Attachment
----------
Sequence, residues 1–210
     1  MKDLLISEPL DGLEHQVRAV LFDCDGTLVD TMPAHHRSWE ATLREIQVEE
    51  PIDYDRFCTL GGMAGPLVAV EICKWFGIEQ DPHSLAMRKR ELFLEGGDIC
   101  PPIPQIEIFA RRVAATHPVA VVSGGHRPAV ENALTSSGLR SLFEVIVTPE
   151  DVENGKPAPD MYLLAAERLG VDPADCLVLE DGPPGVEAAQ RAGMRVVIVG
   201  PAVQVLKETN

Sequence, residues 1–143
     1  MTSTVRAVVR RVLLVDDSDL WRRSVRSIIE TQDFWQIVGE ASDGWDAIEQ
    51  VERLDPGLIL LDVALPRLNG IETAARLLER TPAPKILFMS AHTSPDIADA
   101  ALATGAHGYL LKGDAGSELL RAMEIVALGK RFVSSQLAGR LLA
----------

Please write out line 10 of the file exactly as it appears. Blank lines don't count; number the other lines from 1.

   101  ALATGAHGYL LKGDAGSELL RAMEIVALGK RFVSSQLAGR LLA